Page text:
A grandfather with the baker’s touch
There is something to be said about the baker’s touch. The ability of the bread maker to be a scientist, carefully balancing the essential elements of life and in the name of others. Never for himself. Always for others.
That was my grandfather. It didn’t hit me until his passing on Saturday that he was a man of complexity and nuance, although he didn’t come off that way. Quiet and conservative, Tata Hector let out very few words. He was a watcher and a thinker.
In the 1960s, Tata Hector operated a bakery, a panaderia, in Agua Prieta, Sonora, Mexico. If you are Mexican, or Mexican-American, you know we love our bread. We especially love Mexican sweet bread, pan dulce. There are the conchas, the cuernos, and the maranitos. You can’t go wrong with a maranito and tall glass of milk.
Tata Hector knew that a way to a person’s heart is through the stomach but getting there can be a tricky thing. The panadero must walk a thin line between too much and too little, too hard and too delicate. The panadero figures out what it takes to get things just right.
Think about it. The panadero is a scientist. He mixes earth, wind and fire. He turns up the heat, but just to the right amount. He uses his hands to create shapes that appeal to the eye. He sweetens his product, and sometimes he leaves it unsweetened.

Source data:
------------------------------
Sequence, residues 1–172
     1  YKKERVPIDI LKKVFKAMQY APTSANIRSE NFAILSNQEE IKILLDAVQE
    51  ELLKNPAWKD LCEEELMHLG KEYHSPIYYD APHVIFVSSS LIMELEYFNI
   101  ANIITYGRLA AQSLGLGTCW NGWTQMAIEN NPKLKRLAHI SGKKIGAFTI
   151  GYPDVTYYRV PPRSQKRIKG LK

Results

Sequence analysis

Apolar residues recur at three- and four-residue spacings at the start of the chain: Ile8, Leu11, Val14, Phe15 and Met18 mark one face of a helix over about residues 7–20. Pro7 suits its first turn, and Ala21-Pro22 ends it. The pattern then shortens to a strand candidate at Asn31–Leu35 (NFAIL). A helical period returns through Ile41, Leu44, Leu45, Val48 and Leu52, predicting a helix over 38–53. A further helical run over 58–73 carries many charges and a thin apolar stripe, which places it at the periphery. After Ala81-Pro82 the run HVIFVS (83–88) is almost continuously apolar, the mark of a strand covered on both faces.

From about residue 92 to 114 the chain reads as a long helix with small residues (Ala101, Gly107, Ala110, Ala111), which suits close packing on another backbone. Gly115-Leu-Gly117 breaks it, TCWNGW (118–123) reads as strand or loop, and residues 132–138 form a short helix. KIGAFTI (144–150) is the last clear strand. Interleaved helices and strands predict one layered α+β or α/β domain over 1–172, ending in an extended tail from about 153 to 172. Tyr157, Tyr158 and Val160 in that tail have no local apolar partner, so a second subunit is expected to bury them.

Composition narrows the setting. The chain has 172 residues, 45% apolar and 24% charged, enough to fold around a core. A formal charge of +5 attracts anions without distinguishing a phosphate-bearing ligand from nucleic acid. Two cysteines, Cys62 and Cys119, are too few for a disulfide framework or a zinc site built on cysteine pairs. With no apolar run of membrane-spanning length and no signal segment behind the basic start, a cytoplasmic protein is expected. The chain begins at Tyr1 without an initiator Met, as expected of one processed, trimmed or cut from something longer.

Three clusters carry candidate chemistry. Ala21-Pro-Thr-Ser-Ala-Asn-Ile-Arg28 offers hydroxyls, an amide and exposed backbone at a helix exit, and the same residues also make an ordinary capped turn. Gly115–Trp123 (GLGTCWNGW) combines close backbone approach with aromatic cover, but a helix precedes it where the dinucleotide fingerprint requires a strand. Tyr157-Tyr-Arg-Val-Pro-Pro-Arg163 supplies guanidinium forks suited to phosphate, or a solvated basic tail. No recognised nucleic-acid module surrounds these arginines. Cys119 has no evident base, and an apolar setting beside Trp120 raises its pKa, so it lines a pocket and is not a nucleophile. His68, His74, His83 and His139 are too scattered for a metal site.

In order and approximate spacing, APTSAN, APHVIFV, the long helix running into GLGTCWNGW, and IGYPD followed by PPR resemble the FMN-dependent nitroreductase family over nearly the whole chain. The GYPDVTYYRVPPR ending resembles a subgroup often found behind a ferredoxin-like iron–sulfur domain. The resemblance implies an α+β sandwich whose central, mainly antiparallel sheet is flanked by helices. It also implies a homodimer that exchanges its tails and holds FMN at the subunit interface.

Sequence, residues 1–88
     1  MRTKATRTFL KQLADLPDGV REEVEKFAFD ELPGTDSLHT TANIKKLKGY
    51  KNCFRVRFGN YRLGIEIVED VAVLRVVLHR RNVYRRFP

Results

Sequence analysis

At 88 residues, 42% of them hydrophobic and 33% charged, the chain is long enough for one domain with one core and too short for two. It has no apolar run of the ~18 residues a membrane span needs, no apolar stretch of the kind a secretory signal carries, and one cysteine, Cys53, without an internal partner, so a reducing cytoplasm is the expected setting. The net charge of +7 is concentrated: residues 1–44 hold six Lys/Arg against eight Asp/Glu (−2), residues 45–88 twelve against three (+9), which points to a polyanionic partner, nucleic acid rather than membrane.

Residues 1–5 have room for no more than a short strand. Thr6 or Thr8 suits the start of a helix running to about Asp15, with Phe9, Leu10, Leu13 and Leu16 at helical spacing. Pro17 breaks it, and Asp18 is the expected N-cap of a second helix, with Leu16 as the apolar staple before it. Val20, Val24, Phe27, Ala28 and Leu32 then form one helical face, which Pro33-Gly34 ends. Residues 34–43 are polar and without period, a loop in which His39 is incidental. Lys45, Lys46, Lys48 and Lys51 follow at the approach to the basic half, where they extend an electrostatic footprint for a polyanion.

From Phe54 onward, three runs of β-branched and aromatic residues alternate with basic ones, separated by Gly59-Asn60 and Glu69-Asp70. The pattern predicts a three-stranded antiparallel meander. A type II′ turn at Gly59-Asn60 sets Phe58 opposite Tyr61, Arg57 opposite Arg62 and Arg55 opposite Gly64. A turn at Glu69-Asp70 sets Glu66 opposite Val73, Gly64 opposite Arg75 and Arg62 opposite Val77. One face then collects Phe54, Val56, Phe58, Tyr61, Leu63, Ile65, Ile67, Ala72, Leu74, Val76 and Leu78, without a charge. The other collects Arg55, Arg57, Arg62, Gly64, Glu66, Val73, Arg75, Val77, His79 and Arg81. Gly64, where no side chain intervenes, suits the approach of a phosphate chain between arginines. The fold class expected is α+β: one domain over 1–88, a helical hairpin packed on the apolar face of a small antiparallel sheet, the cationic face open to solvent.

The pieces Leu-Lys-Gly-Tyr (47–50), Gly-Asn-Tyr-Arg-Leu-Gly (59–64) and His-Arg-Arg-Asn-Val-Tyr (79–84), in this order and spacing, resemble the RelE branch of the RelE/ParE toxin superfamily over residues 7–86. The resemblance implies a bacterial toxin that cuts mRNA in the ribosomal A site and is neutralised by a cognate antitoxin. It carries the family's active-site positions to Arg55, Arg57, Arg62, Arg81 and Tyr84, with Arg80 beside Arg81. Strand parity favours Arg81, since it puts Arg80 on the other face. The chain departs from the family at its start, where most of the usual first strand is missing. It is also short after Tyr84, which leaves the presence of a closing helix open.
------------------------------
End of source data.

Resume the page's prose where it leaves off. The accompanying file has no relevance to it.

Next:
The panadero sees and hears his customers. He notices their reactions. He takes the temperatures of smiles. He figures out what he should make the next day and what he shouldn’t make. The panadero figures things out because that’s what he has to do to survive.
Today, in the city of Agua Prieta, located on the Arizona border, there are dozens of panaderias. They all have one thing in common, the panadero in the background waiting to make someone happy.
I know Tata Hector brought happiness to many. Not in the way that you see in movies or TV shows but in a way that made you think and appreciate. I only knew him as an old man and not as a young father, but I can imagine, based on his children, and his children’s children, that he was the kind of father we all wanted.
I never had the opportunity to see him tell his kids stories before they went to bed, but I know that he made sure they had a home and a bed to lie in every night. I didn’t see him pick up his daughter, my mother, after she had fallen off a bike, but I know he wanted her to get up and get stronger every day.
Now that Tata Hector has passed on, I can only imagine the kinds of ways that he lived his life as a young man, a father and a business owner. I suppose he did these things in the ways that a panadero does, with thoughtfulness, considering what’s important and what’s not, and creating ways to fill the hearts and the minds with love and happiness for everyone around him.
And to that, I have to hold him in high esteem, because to me Tata Hector was like the perfect morning cup of cafecito and pan dulce. He was soft and comforting. He was familiar and warm. He was necessary.
Originally published at https://www.linkedin.com on February 24, 2017.